Thursday, April 14, 2005
Speed: 10.10 minutes/mile
Weight: 120 lbs.
Sounds: End Hits by Fugazi
Todd and I are going to see a Philly Film Festival screening of Todd Solondz's Palindromes tonight, so I needed to get my 3 mile run in this morning. Encouraged by Tuesday's run with the Jens, I set the treadmill at a higher speed than usual. The first quarter mile was rough, but it was smooth sailing after that. I think I'm starting to get the hang of this.
This was also my second time running in my new shoes. I returned the shoes I bought last week (too small) and got a new pair. I highly recommend Philadelphia Runner. Even though my new shoes were $30 more than the first pair, he gave them to me for the same price. I'm much happier with the new pair, both in terms of comfort and aesthetics, but what is up with naming sneaker colors after fruit? These are "orange sherbet." Better than "grape mist," I guess.
Tuesday, April 12, 2005
Speed: 10 minutes/mile
Music: Jen & Jen
I arrived on time (thanks to Todd's driving) at the Art Museum for my second run with Philly Runners. M_______ was nowhere in sight, nor were some of the other slower runners I had seen last Tuesday. In spite of his jovial, "Welcome back, Theresa," I could see a mild look of concern cross Seth's face as he tried to figure out where to put me. After waiting a few minutes to see if any other slowpokes would show up, he introduced me to Jen & Jen.
Brunette Jen hoped to run at a 9-minute pace, while Blonde Jen was shooting more for 10 minutes/mile. Blonde said I was the tiebreaker. Yay. Since in the past two months I've only been able to run a 10-minute mile for about a mile at a time, I decided I'd start out with them and then let them outpace me once I got tired.
I got tired pretty quickly, but the Jens were really friendly, and the conversation helped keep me going. Both of them have run marathons, and Brunette is actually in training for the New York Marathon. I felt pretty silly running with two marathoners, but whenever I told them to run ahead, they would encourage me to try to make it to the next bend, lightpost, or mile marker. In the end, Brunette ran ahead for the last quarter mile, but Blonde stayed with me, and we finished together in about 45 minutes. I was exhausted but so elated that I didn't care.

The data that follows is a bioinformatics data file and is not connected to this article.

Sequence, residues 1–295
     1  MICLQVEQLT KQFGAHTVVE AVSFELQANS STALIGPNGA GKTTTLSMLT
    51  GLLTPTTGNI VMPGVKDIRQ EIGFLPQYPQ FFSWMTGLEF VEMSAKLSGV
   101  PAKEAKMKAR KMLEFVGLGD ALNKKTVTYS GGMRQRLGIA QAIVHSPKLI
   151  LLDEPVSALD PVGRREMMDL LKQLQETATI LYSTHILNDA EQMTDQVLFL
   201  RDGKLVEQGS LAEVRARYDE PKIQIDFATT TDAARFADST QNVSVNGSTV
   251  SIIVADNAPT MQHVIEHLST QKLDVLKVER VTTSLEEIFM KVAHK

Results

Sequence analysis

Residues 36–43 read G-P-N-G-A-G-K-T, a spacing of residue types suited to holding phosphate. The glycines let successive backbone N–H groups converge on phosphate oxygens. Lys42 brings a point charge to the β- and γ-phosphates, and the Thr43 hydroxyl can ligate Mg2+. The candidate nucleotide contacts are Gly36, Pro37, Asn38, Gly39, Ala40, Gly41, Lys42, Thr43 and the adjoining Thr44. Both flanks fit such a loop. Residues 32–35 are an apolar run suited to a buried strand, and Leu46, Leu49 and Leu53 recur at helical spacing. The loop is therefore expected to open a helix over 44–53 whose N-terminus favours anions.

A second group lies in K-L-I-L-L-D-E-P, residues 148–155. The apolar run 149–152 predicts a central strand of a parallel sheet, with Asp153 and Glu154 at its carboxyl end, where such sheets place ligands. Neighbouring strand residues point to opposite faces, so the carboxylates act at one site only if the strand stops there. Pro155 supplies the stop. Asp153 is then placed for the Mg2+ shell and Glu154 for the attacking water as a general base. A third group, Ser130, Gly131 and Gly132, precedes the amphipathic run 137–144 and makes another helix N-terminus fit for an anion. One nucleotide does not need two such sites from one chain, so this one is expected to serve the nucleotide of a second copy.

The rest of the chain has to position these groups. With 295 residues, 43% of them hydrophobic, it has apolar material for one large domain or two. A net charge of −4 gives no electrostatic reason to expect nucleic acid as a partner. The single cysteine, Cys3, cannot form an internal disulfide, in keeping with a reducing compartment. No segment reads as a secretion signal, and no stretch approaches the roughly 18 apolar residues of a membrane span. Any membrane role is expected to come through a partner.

My primary goal throughout my training has been to complete the BSR without walking. In the back of my mind, though, I've been hoping to increase my speed in the process. Looks like Jens are the answer.
Sunday, April 10, 2005
Speed: 10.71 minutes/mile
Music: the shouting of crew dads
First, a confession: I didn't run the full 7 miles. I had to walk for a little over 30 seconds (yes, I timed myself) after about 3 miles. "But you've run over 3 miles before, Theresa," you're probably saying. True. I'm not sure what went wrong, but I have a couple of hunches:
1. It might have only been in the 70s, but it felt like it was about 90°. I was sweating profusely, and when I was running facing the sun, I thought my face was going to melt off like the Nazis in Raiders of the Lost Ark. Could be because I was running in pants. If your legs were as pasty as mine, you'd be loath to wear shorts, too.
2. Egg Beaters®, toast, and coffee may not be enough fuel for running several miles outdoors 5 hours later. And apparently, cramming water works about as well as cramming for a test. I felt dehydrated and hungry less than halfway through my run.
3. Pace. I thought I was running too slowly, but it turns out I was running about a minute/mile faster than my "comfortable" pace. So much for slow and steady.
I'm feeling pretty crappy about not being able to run the full 7 miles, but hopefully, if I focus on clothing, nourishment/hydration, and pace, my next long run will be better.
On a positive note, Todd was waiting at Lloyd Hall as I ran by, and he informed me later that I looked "completely normal" running. Hooray for normalcy!
Friday, April 08, 2005
The scoop with PR is that the salespeople are all runners. The guy who helped me had me take my shoes off and walk around in my socks to determine my foot mechanics (wouldn't that be a podiatrist? Get it? Foot mechanic? Ha!). Apparently, most people pronate, and specific shoes are designed to help stabilize their feet. Turns out that like 10% of the population, I supinate slightly. Which means I need "neutral cushioning" shoes. Whatever.
He had me try on about six different brands, and I found the Asics to be the most comfortable. Unfortunately, I discovered that whoever is designing running shoes decided that women want bright white sneakers with plenty of metallic accents and secondary colors like pink, purple, and aqua. Basically, shoes I would have LOVED when I was ten. I stared longingly at the male versions of the shoes, which came in great color combos like grey and orange or navy and kelly green. Sadly, they don't make men's shoes in a women's size 6, so I'm SOL.
Which brings me to my shoes. I settled on the Asics Gel-Cumulus VI. They are comfortable. They are reasonably priced. And they are ugly as sin. Just the fact that one of the colors is called "grape mist" makes me want to set them on fire. It sounds like a sorbet flavor.
Thursday, April 07, 2005
Speed: 10.76 minutes/mile
Weight: 119 lbs.
Music: Biggest Bluest Hi-Fi by Camera Obscura
My first morning run, and it was lovely. Hauling my tired ass out of bad was no fun, but it was worth it.